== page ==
By Ken Stern 

May's warmth a sneak


Whatever your politics and values, this year to date may have seemed generally gloomy, at least. Inflation stays persistently high, the potential of recession seems to be forever looming, wages are lower than the ongoing rising costs of everything, there is work but too few workers and then there is the persistent war in Ukraine, which appears as if it will never end.

Here at home, until May, glorious May, 2023 has the general and overall feel of being cold and damp. And it has been, cold and at least gray, all the way back to the snows and floods of December. The weather data show below average temperatures through April but also below-normal precipitation. All that overcast and dampness, but surprisingly little rain. And that pattern continues this month.

But not temperature-wise. There was no hint of frost. Only twice in May’s first ten days did morning lows dip below forty degrees. So May snuck by, dry, sometimes warm – and maybe this is a surprise – with three Skagit County record high temperature days mid-month, May 13-15.

The record is clear, however. It reached 79.6 degrees on the 13th, then was 82.1 and 86.6 degrees the next two days. That was a weekend that a heat advisory was called for the Seattle area. We were warned of excessive heat here, also. Yes it was surprisingly warm, but not too warm for opening shelters, through a record breaking high and for three days in a row.

If anyone noticed they did not give voice to it to me. That is why I am reflecting on it now, as the month ends. What if we have record breaking heat and nobody notices? Or, what will the record high temperatures have to be that they get our attention?

The frogs slowly boiling in the pot of water so slowly heating comes to mind as a metaphor. Three record hot days – in a row – and did everyone think “finally!” and go on with their days, normally? The season is not linear even if it was certainly cool for months on end. And, it has been abnormally dry since the year began. This is not to say that the three record high temperatures in a row mid-month portend a hot – or a dry – summer, though it is likely to be dry until September.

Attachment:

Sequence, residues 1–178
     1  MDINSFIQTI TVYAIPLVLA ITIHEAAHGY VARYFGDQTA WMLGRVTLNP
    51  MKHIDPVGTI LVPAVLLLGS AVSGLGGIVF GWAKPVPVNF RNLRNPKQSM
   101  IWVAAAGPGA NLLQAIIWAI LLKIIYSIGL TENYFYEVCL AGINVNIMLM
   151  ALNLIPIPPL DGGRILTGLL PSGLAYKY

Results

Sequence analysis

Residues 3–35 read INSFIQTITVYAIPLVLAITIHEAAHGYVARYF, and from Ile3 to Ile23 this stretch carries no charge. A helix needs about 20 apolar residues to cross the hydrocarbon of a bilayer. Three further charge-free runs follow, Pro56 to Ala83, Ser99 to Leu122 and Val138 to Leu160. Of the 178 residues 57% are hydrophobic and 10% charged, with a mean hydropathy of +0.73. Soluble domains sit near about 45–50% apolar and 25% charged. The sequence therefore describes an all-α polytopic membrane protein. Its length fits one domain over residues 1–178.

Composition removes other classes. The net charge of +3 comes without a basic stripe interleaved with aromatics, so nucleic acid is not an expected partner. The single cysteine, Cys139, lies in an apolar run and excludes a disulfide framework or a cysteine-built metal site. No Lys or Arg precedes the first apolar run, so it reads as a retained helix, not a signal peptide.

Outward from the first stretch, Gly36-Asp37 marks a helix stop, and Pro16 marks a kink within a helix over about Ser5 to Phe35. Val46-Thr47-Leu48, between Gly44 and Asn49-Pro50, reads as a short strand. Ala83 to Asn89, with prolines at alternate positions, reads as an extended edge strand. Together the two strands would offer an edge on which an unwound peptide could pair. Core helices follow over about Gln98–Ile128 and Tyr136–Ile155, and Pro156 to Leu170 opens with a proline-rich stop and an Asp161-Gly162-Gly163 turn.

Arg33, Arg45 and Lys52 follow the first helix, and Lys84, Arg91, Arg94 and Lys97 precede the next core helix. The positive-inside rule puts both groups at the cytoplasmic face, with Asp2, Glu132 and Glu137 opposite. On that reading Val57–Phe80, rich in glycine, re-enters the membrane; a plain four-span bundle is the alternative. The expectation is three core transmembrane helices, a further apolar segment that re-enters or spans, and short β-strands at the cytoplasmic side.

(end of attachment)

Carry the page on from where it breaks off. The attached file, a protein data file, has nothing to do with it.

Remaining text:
In La Conner, the Emergency Management Commission formed this year has reviewed and considered saltwater flooding from the Swinomish Channel. November will come soon enough with its seasonal king tides. Planning and finding funding to execute plans just as they seem to need executing is that marriage of staffing, preparation and available funds merging.

If high heat comes this summer and persists, focus will turn to the trauma of the moment and the day. Heat was not a problem last year, but just as summer started in 2021 the region experienced persistent record high temperatures.

The last time the Swinomish Channel came over it banks was some 40 years ago. It is more likely that there will be high temperatures more often than that cycle in the years to come. Planning for it makes good sense.


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